Morgan Stanley bought a cargo of North Sea Forties oil from Royal Dutch Shell Plc.
The bank paid 20 cents above the Dated Brent benchmark for a cargo due to load on Dec. 14 to Dec. 16, according to traders involved in North Sea transactions. Morgan Stanley bid for another cargo loading Dec. 19 to Dec. 23 at a 10-cent discount, while Total SA and Occidental Petroleum Corp.’s Phibro bid for shipments at minus 35 cents and minus 20 cents, respectively.
The last time Forties traded at a premium was on Oct. 6, according to data compiled by Bloomberg.
Reported North Sea market activity typically occurs during a trading window that ends daily at 4:30 p.m. in London. Prior to the window, Forties crude loading from 10 to 21 days in the future cost 19 cents less than Dated Brent, from 22 cents from the previous day.
Brent crude for January settlement traded at $87.59 a barrel on the London-based ICE Futures Europe exchange at the close of the window, up from $86.79 a barrel at the same time yesterday. The February contract traded at $87.60 a barrel, narrowing the contango, or price spread, between the two nearest-term contracts to 1 cent from 7 cents.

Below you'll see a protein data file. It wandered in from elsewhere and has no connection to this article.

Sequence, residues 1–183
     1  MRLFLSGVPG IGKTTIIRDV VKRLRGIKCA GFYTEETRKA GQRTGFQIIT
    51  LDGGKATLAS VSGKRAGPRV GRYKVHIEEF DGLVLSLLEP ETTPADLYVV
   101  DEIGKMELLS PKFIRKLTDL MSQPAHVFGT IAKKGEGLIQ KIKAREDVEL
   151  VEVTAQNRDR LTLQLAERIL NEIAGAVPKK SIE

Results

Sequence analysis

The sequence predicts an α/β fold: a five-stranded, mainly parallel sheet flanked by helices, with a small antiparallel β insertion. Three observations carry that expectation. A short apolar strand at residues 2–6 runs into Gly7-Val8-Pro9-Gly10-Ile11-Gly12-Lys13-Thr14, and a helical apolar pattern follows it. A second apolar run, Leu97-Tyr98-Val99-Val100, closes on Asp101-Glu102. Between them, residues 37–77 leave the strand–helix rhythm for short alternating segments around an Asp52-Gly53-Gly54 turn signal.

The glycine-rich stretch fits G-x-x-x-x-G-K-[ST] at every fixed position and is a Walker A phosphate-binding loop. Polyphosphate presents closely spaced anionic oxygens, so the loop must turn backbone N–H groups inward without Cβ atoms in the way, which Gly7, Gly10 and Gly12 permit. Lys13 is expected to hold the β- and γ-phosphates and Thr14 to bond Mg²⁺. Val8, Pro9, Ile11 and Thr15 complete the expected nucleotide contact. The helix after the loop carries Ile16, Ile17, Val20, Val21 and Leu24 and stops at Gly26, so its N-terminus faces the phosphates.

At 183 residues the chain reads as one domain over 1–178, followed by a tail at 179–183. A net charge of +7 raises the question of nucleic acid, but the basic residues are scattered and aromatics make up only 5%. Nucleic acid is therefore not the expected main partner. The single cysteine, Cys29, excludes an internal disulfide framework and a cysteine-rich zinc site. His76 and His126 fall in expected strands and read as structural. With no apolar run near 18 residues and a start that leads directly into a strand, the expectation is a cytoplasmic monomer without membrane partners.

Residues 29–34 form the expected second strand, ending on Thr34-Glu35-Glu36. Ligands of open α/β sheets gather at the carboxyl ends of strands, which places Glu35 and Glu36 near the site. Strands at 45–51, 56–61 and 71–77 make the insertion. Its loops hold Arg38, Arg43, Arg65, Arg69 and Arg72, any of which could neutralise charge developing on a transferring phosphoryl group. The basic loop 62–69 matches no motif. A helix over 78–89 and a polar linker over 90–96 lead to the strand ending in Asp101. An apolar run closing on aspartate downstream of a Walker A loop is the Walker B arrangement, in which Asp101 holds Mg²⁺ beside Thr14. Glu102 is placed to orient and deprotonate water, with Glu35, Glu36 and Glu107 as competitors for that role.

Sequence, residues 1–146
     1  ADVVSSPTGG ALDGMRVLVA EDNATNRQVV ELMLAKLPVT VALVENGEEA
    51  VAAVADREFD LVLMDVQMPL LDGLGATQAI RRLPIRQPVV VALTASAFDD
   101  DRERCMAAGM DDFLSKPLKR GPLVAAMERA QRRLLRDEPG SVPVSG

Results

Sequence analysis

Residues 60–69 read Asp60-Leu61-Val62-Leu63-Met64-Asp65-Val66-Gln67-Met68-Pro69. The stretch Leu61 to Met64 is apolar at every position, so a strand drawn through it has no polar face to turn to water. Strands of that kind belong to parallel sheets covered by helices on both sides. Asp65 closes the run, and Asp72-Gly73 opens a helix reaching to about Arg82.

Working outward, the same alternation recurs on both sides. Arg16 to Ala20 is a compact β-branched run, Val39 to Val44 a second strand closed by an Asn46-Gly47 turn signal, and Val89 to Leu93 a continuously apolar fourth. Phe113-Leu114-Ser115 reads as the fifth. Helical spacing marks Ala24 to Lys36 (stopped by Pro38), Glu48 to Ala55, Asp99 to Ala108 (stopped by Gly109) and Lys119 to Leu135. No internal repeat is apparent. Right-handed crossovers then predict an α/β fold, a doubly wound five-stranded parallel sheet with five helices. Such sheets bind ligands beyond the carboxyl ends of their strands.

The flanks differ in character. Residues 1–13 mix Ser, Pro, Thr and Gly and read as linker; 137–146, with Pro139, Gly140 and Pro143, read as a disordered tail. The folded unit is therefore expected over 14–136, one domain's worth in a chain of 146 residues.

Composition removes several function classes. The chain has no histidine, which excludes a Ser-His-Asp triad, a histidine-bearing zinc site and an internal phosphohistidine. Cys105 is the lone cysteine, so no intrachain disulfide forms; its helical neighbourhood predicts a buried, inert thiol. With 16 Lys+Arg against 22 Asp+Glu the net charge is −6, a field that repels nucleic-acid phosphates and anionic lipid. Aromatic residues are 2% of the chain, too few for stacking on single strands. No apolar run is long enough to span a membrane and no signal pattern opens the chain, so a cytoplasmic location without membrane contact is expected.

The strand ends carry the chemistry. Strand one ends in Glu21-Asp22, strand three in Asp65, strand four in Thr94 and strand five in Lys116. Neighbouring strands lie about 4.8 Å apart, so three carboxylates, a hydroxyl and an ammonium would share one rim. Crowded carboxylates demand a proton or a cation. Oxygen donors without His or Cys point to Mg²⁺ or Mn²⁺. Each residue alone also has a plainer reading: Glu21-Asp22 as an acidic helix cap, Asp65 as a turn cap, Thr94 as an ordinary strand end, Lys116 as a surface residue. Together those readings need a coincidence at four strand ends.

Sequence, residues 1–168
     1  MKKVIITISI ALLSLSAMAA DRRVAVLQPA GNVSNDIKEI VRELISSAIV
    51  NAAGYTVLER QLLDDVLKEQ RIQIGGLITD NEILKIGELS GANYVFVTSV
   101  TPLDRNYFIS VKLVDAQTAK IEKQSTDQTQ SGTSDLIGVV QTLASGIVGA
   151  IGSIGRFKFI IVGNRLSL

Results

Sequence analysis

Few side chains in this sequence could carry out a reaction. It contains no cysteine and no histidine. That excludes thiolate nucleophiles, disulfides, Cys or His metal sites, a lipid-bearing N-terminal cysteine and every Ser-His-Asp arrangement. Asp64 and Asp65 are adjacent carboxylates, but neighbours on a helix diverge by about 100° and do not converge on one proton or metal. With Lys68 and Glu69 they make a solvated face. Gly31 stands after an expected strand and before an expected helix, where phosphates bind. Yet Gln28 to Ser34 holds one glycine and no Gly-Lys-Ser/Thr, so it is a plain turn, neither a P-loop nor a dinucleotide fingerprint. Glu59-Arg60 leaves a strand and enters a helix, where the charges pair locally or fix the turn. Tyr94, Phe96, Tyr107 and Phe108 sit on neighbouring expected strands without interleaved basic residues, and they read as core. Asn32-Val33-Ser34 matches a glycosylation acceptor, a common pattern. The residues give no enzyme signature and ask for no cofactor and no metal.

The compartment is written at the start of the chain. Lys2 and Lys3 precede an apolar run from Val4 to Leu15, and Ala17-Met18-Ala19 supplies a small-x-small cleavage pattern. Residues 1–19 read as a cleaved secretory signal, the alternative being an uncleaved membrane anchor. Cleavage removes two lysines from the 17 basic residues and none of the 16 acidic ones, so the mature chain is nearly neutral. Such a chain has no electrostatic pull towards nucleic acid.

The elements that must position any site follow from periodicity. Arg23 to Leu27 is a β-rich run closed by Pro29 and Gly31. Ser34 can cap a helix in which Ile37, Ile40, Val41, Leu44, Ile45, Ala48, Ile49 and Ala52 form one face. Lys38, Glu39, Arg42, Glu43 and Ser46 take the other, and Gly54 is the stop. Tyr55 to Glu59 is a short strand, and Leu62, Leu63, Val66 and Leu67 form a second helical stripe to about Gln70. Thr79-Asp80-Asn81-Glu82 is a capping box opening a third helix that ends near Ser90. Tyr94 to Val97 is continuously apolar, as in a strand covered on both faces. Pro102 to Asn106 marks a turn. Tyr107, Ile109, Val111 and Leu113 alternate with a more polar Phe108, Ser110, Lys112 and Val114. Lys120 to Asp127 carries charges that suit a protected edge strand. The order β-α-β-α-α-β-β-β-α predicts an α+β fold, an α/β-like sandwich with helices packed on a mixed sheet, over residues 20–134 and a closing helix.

The share of North Sea Buzzard crude in the Forties blend fell to 30 percent last week, from 32 percent in the week to Nov. 21, BP Plc said on its website, potentially increasing the value of the benchmark grade of oil.
Sudan Petroleum Corp., the country’s state oil company, sold 1.2 million barrels of Nile Blend crude for loading in January to Arcadia Petroleum Ltd. and China National United Oil Co., or Chinaoil, said two traders who participate in the market.
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